1.  Join Kentuckians United for the Restriction of Eminent Domain - KURE.  This organization was recently filed suit in Franklin County to get a ruling on the eminent domain issue.  Membership is open and free.

2.  Send us your comments via the comment box at the right hand side of every page on this website.

3.  Educate others on the realities of this proposed pipeline.  The most important things to share are:
  • This is NOT natural gas and will NOT provide services to anyone in Kentucky.
  • The hazardous liquids that would be transported are toxic and highly explosive.
  • Leaks will contaminate water supplies and could release colorless, odorless gas.
  • The company does NOT have the right of eminent domain.
  • This pipeline would PREVENT the creation of hundreds of new, long-term jobs in the trucking and rail industries.  It will only create a small number of temporary construction jobs that may or may not go to Kentuckians.
  • If this company should somehow gain the right of eminent domain, a precedent will be set for any private company to take away anyone's property rights.  We cannot allow this to happen.
  • Property values will plummet.
4.  If you would like to contribute to support our cause, please feel free to donate to the Kentucky Resources Council.  There is a link at the top, right-hand side of pages on this website that you can use to reach the KRC website.  KRC, and a group of dedicated attorneys, are providing representation for the KURE lawsuit at no cost to KURE.  If we achieve our goal of preventing non-utilities from using eminent domain, every Kentuckian who owns a home or farm (or ever hopes to own a home or farm) will benefit.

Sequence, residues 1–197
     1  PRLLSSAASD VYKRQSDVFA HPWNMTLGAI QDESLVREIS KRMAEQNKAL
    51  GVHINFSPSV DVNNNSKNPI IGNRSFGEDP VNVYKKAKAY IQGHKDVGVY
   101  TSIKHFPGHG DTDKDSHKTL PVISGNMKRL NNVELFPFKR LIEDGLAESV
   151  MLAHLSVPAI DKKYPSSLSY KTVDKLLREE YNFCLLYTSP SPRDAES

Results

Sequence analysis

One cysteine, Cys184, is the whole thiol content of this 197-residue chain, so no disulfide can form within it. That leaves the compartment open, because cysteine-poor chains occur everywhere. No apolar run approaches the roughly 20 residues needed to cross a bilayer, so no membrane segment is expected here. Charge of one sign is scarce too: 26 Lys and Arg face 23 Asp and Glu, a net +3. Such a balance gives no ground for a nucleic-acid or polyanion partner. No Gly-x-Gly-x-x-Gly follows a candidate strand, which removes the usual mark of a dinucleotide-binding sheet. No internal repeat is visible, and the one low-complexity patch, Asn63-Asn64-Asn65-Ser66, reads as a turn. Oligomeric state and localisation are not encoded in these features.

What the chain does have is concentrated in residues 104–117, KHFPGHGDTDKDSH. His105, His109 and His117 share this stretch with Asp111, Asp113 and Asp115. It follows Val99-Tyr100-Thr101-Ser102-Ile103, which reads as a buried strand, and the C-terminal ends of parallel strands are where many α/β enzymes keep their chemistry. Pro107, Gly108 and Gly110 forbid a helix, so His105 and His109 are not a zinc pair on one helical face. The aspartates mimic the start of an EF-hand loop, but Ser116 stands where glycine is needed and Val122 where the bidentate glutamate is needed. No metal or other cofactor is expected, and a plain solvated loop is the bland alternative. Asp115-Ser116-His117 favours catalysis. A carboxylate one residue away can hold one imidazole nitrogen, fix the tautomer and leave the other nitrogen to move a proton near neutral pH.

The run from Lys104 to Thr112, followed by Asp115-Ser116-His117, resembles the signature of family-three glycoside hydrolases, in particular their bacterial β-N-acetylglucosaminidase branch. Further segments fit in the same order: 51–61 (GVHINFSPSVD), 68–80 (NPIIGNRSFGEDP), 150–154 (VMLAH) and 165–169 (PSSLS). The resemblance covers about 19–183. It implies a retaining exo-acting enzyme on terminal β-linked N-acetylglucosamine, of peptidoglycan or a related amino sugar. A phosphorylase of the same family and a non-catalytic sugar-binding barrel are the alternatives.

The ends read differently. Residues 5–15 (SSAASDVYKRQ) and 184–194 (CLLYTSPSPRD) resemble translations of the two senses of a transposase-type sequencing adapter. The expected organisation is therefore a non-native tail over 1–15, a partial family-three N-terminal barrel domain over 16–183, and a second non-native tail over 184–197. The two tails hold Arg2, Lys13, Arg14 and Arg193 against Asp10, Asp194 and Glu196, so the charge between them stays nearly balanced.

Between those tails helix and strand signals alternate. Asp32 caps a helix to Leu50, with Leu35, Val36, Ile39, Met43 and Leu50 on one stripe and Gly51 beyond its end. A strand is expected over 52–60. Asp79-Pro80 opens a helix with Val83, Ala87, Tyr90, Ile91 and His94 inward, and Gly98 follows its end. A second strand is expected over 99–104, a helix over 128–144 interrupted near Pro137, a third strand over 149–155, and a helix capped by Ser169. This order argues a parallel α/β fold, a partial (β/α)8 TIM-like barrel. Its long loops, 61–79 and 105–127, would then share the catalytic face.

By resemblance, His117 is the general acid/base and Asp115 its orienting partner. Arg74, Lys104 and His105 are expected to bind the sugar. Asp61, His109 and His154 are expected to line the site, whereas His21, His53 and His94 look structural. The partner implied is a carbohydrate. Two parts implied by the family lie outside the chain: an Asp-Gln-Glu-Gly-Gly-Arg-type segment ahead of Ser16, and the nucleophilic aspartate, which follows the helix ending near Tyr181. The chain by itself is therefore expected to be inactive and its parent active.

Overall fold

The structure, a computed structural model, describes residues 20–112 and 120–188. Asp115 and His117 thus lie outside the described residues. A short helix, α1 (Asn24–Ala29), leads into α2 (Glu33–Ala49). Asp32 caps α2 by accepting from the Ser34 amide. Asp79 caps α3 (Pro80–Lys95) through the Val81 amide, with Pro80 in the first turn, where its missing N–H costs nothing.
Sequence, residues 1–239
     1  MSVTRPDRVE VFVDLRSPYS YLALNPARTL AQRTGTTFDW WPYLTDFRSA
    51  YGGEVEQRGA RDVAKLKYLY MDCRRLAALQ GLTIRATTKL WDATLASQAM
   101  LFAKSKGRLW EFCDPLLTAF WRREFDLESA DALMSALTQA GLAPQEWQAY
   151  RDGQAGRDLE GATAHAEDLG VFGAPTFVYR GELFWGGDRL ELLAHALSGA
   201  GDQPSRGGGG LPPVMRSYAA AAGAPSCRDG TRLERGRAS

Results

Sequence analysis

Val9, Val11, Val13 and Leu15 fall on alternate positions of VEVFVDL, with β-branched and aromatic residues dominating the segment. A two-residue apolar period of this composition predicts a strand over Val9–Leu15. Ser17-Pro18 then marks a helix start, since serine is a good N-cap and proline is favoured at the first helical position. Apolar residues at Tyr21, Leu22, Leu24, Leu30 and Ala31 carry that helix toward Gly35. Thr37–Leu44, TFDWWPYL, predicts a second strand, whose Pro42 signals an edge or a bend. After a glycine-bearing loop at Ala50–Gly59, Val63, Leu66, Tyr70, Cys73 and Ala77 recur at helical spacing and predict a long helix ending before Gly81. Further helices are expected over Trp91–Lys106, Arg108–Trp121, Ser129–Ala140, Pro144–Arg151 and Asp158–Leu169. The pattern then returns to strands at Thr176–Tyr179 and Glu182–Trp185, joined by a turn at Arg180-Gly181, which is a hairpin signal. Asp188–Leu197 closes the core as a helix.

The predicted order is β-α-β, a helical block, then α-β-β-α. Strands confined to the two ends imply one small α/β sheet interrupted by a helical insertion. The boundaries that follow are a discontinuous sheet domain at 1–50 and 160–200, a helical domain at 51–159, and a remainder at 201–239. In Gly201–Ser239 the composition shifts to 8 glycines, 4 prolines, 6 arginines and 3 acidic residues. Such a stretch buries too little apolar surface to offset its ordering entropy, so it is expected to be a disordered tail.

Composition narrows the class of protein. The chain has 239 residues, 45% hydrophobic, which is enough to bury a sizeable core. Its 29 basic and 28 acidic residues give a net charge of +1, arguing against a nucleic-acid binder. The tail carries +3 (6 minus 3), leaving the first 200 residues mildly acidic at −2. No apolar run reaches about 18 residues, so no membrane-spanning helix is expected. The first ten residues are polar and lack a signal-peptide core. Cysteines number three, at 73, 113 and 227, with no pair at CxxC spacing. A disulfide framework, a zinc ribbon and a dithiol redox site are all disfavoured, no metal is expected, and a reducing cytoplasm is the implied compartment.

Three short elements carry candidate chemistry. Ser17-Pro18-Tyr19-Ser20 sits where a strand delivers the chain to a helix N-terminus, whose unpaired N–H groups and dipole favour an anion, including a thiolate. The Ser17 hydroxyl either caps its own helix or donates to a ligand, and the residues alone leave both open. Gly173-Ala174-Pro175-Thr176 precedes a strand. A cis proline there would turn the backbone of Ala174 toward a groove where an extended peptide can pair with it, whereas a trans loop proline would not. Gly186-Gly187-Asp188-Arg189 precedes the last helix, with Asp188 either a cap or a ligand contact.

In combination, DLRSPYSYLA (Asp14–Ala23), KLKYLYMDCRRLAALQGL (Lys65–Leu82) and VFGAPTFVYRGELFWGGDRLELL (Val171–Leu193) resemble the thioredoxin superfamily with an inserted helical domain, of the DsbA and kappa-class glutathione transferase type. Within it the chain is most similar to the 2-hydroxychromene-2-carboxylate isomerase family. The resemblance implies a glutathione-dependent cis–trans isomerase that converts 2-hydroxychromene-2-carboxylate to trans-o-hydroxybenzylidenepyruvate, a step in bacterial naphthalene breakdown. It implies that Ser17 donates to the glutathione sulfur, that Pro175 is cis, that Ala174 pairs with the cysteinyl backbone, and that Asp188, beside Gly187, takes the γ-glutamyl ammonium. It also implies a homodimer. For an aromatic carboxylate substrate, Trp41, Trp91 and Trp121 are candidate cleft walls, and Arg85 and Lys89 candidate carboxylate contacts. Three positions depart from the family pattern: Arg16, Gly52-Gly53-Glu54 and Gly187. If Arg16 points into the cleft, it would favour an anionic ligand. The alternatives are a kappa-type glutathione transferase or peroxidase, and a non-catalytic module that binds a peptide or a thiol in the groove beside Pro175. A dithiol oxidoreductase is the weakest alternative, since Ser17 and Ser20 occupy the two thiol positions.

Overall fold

5.  Contact your legislators and let them know where you stand on this issue.  Let them know that your rights as a citizen are not to be given away to private companies.

Bravo! Shares of Boardwalk Pipeline Partners Fall to a New 52-Week Low & Other News

"Do you hear that sound?  Listen closely to that skittering about.  It sounds just like rodents scurrying away......" - A comment possibly overheard on the Titanic.

Boardwalk Pipeline Partners (NYSE:BWP) traded at a new 52-week low today of $24.07. Approximately 229,000 shares have changed hands today, as compared to an average 30-day volume of 677,000 shares.  Read more...

 The Bluegrass hazardous liquids pipeline has also extended its "open season" supposedly because of requests by "interested shippers who would like additional time to evaluate the pipeline project and the project's market outlet options." While it is possible this is true, one wonders if the real reason might be to allow the BG folks more time to try to drum up customers who might be doubtful the project will be completed.

We hear from Nelson County that the pipeline representatives have stopped publicly listing prices paid for easements to "protect land owners' privacy."  It seems more likely that this practice benefits the company because landowners are kept in the dark about what others are receiving.  This would explain the large disparity we are seeing in payments across the route.  Further, we question whether this is legal.